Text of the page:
A new variant of the Snatch ransomware is found, that first reboots infected Windows computers into Safe Mode and only then encrypts victims’ files to avoid antivirus detection. Unlike traditional malware, the new Snatch ransomware chooses to run in Safe Mode because in the diagnostic mode Windows operating system starts with a minimal set of drivers and services without loading most of the third-party startup programs, including antivirus software.
When the computer comes back up after the reboot, this time in Safe Mode, the malware uses the Windows component net.exe to halt the SuperBackupMan service, and then uses the Windows component vssadmin.exe to delete all the Volume Shadow Copies on the system, which prevents forensic recovery of the files encrypted by the ransomware.
What makes Snatch different and dangerous from others is that in addition to ransomware, it’s also a data stealer. Snatch includes a sophisticated data-stealing module, allowing attackers to steal vast amounts of information from the target organizations. Snatch can run on most common versions of Windows, from 7 through 10, in 32- and 64-bit versions.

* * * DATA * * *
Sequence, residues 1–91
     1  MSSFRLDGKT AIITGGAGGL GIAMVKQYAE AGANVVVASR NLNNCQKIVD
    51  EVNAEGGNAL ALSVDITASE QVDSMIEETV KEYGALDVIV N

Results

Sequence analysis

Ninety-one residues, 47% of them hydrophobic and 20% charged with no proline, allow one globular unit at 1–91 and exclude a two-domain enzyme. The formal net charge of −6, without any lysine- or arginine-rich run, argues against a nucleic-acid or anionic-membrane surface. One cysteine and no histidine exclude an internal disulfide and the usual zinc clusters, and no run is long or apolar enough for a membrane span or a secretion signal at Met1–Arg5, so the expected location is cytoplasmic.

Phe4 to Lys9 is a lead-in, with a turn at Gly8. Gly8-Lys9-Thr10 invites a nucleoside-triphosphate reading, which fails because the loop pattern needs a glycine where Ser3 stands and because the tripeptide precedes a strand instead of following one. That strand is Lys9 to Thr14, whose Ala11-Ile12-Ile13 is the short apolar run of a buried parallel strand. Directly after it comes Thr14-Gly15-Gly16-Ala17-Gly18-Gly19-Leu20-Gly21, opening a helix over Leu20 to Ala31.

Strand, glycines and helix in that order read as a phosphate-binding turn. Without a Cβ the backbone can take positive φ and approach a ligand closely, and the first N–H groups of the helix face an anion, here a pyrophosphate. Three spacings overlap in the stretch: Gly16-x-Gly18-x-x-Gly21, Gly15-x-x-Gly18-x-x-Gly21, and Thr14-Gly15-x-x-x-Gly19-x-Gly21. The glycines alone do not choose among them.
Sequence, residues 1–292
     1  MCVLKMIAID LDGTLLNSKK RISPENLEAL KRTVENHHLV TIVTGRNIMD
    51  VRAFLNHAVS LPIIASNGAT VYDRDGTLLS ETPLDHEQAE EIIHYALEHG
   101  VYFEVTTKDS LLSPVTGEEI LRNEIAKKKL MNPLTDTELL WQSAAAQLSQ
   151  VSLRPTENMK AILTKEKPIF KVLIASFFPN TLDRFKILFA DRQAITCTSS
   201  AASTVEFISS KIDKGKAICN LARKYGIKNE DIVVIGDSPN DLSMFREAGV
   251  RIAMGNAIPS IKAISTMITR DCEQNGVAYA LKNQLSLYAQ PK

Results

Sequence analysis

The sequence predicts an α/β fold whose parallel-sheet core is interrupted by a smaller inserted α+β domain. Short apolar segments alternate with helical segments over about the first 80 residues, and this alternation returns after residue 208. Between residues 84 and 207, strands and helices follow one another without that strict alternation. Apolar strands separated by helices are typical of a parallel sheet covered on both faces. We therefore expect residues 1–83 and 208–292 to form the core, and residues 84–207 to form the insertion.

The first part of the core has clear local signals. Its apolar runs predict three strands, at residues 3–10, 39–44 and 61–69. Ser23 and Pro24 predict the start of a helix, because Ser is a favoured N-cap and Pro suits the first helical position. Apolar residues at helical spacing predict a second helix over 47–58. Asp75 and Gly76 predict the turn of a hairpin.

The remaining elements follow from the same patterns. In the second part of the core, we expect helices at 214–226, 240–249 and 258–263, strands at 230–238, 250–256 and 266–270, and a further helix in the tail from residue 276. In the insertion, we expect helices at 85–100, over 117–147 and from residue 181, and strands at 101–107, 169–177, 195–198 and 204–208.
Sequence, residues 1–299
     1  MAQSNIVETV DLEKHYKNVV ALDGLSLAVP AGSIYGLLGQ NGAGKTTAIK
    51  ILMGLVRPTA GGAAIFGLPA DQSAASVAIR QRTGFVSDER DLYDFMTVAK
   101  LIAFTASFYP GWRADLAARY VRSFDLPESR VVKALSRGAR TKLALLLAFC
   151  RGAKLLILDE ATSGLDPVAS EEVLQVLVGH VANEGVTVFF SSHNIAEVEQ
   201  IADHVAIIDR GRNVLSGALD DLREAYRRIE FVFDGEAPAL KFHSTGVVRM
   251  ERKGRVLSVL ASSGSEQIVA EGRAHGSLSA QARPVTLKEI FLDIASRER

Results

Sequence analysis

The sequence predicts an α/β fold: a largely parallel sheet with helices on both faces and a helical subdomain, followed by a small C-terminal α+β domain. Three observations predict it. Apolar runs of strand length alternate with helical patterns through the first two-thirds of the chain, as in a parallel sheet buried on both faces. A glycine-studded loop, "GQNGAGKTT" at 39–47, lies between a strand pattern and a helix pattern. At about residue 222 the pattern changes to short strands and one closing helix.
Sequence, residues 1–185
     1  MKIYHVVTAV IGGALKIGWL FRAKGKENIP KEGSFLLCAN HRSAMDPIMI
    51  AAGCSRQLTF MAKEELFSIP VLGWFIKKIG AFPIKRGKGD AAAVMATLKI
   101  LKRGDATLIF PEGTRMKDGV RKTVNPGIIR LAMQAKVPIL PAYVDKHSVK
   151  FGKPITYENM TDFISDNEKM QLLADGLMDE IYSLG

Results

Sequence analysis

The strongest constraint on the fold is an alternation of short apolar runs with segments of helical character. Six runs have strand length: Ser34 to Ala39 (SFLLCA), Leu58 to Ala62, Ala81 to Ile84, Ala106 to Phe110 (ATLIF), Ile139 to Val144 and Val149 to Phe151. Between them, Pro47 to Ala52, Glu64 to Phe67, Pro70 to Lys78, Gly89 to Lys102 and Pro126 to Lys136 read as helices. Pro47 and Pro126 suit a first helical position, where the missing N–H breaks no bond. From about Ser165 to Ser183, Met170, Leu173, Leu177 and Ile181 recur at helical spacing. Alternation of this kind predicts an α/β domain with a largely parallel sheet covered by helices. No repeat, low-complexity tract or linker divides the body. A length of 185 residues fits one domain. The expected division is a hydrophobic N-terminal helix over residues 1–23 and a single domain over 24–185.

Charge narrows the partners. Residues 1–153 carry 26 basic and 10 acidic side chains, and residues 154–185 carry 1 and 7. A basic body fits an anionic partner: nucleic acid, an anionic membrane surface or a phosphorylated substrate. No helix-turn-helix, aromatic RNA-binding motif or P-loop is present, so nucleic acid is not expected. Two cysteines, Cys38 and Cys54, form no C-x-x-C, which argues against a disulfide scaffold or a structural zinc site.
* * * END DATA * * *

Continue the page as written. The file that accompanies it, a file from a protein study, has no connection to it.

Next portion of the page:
Snatch attacks Windows machines with a collection of malware that includes the ransomware executable; a custom-built data stealer; a Cobalt Strike reverse-shell; and several publicly available tools that are typically used by penetration testers, system administrators or technicians. It’s also all obfuscated by an open-source packer called UPX.
The attackers query the list of users authorized to log in on the box, and write the results to a file. Additionally, WMIC system and user data, process lists, and even the memory contents of the Windows LSASS service are dumped to a file then uploaded to their command-and-control (C2) server.